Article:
New arrest warrant issued for Hsu, missing again

Former fugitive Democratic Party fundraiser Norman Hsu, who posted $2 million bail Friday after surrendering to authorities in San Mateo County in connection with a 1991 grand theft conviction, may have gone on the lam once again after failing to appear for a court hearing this morning in Redwood City.

San Mateo County Superior Court Judge Robert Foiles issued a no-bail warrant for Hsu's arrest at about 9:15 a.m.

“We do not know where he is as of this moment,” Hsu's attorney James Brosnahan informed the judge. Foiles had earlier stated that his office had received a call that Hsu was going to be “approximately 10 minutes late,” Foiles said.

Brosnahan added that efforts to retrieve Hsu's passport from hisNew York City condominium Monday, in compliance with the California Attorney General's Office request, were unsuccessful.

Deputy Attorney General Ralph Sivilla said outside the courthouse that he learned just before the court hearing that Hsu was not going to appear.

“In this business, it's never completely unexpected for someone not to appear in court,” Sivilla said.

According to Sivilla, Brosnahan told him Hsu was scheduled to fly into the Bay Area from New York this morning.

“(Brosnahan) indicated that (Hsu) had an air flight into Oakland at 5:30 in the morning,” Sivilla said. “From New York, I believe.”

Hsu, 56, was taken into custody in Redwood City on Friday, after being sought for 15 years following his failure to appear for his sentencing in San Mateo County in 1992, according to the California Attorney General's Office.

Hsu was a California resident at the time he was convicted of a “Ponzi-type” scheme to sell latex gloves that defrauded 20 investors throughout the state out of about $1 million, Attorney General's Office spokesman Gareth Lacy said.

Hsu agreed to plead no contest to one count of grand theft and under the terms of the deal, was to serve up to three years in state prison and compensate the victims, according to Lacy.

“We had a negotiated agreement that he would pay restitution to the victims and serve some time,” Lacy said.

However, Hsu failed to show up for his sentencing hearing and a judge issued a $2 million warrant for his arrest.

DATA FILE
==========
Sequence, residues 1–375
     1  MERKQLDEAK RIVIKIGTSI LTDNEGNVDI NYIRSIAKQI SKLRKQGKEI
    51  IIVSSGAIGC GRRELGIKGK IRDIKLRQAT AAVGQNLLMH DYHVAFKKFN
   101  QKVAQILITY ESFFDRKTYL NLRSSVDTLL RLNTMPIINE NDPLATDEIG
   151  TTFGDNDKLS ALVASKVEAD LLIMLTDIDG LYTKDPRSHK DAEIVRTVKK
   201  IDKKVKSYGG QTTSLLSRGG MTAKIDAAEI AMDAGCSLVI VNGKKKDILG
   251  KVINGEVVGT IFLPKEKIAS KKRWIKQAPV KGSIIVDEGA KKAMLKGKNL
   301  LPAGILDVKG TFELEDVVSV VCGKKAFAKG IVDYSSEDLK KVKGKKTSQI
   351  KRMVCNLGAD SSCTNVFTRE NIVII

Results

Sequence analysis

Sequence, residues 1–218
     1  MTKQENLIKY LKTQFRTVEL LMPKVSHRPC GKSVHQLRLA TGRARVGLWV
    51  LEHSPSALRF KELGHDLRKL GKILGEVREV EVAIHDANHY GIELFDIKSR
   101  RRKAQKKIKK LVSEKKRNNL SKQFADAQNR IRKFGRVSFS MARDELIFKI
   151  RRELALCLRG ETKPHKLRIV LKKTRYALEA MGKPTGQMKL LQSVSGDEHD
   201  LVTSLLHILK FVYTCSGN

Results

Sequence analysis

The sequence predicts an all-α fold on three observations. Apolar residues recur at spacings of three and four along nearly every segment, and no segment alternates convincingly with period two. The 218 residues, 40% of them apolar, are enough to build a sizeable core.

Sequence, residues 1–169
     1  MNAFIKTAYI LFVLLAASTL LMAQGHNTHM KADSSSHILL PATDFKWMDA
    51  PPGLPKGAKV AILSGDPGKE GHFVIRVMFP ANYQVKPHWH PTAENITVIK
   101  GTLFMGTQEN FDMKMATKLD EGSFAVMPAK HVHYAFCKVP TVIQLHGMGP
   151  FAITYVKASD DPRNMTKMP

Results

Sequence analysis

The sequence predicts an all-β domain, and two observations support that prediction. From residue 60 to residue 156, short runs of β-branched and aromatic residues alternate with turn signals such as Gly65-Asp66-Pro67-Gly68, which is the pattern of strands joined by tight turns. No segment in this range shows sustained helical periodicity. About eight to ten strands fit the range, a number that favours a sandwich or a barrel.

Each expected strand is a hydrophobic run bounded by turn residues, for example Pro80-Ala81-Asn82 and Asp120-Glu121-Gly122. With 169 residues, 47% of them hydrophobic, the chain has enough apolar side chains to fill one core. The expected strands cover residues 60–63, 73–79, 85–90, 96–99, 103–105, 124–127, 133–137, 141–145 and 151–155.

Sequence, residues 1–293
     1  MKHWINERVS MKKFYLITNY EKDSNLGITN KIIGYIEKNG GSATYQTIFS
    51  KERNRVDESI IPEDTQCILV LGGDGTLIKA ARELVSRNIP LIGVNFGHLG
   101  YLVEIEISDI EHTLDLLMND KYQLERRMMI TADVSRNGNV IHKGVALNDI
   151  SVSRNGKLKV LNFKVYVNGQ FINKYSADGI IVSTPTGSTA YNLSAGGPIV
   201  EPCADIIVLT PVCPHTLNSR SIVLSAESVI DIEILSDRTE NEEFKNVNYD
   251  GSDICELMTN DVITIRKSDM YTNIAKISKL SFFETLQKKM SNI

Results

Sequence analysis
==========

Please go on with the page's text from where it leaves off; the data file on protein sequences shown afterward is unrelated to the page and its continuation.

“We have no evidence that any restitution was paid,” Lacy added.

On Friday, Hsu turned himself in to a San Mateo County Superior Court judge and was jailed on $2 million bail.

According to San Mateo County Chief Deputy District Attorney Steve Wagstaffe, Hsu posted the $2 million in cash later that day and was released from jail.

Foiles today declared Hsu's $2 million bail forfeited.

“There was some contact (with Hsu) a few hours ago,” Brosnahan said outside the courtroom, though he would not elaborate other than to say he was “not sure” where Hsu was when they spoke.

Brosnahan added that Hsu was in California at the time a legal assistant searched his New York City condominium.

“It was very clear all weekend that this court appearance was coming,” Brosnahan said.

“It could be a mistake. It could be something else,” Brosnahan said.

Despite the $2 million bail setting, Sivilla said the Attorney General's Office had initially requested Hsu's bail be set at $1 million, and that today's scheduled court hearing and the passport turn-in order would force him to appear.

“Those kind of protective measures we thought were enough,” Sivilla said.

Sivilla said the state Attorney General's Office would remain the lead prosecuting agency, but declined to discuss what agencies might be involved in a fugitive search.

“That's something that we'll have to deal with … in the upcoming few days,” Sivilla said.

If found, Hsu will return to jail in San Mateo County, Sivilla said.

— Bay City News

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